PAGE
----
"In Portland, paramedic Lannie Haszard was sentenced to five years in prison in August after pleading guilty to five counts of attempted sexual abuse. Haszard, 62, was charged with inappropriately touching four female patients while they were being taken by ambulance to hospitals." more here

Just because Larry Hagman's character in Mother Juggs and Speed tried it out doesn't give you permission to abuse your position of trust. I can only hope my next female patient having an MI didn't read this. I'd really like to get leads 3-6 placed for the 12-lead, but Brain Dead there might have ruined it.

I have never witnessed such horrible behavior and would not stand for it if I did/do. Are these fellas really so lonely and feel so worthless that they have to take advantage, not only of the women in peril, but of the trade so close to being recognized as a profession?

The public gave you its trust and you molested it. There is a special place where you just might get a taste of what you've been doling out.

Enjoy prison. If it was up to me I'd leave you in a room with those peoples family and call an ambulance when they were done with you. And the Paramedic in charge of your treatment? Well, do onto others...

And the headline: 'Paramedic dream job for sex offender' "It's a dream job for a sexual predator," said Greg Kafoury, a Portland, Ore., lawyer who represents three women who were groped by a paramedic." Nice. I hope he never calls. We all know how the Happy Medic LOVES lawyers in EMS.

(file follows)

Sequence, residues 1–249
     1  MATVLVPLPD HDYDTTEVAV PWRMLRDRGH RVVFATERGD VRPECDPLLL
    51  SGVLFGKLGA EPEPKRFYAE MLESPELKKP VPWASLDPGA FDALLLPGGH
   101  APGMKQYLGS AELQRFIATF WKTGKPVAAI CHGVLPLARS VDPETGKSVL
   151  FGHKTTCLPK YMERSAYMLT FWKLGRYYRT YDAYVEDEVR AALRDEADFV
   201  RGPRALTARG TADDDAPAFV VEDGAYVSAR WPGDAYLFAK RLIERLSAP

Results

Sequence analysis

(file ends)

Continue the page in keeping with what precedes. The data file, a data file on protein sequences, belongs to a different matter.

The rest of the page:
A letter in the file to Lannie Haszard, your pink slip is right underneath it.

Sunday, December 14

...for the seizure...

Dang, 15 minutes before change of shift and my relief calls in sick. I have to take a late run and in this part of town, it's a long ride to the nearest hospital.

A local house has been converted into a home for persons with mental disabilities and they've called stating one of their residents is having a seizure.

We're on scene shortly after the first responders and are led to the second floor and into a bedroom. Although it is almost 8 AM, this place is quiet. Our patient, the staff tells us, had a seizure as he awoke this morning. Nothing about this patient or the story we're being told looks, smells or even hints at a seizure. All vitals check out and we're not seeing anything wrong so I delve deeper into the history.
After interrogation the staff admits that the seizure did look similar to some shaking he's been doing as he wakes up in the mornings. "But the moaning was so loud!" the caretaker tells me. "Moaning? He was moaning while seizing? That's quite unusual" I tell her as we all downshift our response.
"What kind of moaning?" I ask and almost like he was cued another guest in another room begins to moan. Not a sick moan or a hurt moan, but kind of a 'Where is everybody?' moan. I smile and confirm with them that he has been having nightmares lately and this morning was likely a man waking from a bad dream.
"So he's not going to die?" She asks.
"We're all going to die." I deadpan and wish them a happy morning as we wander out. When I got back my relief was still not there. I moaned.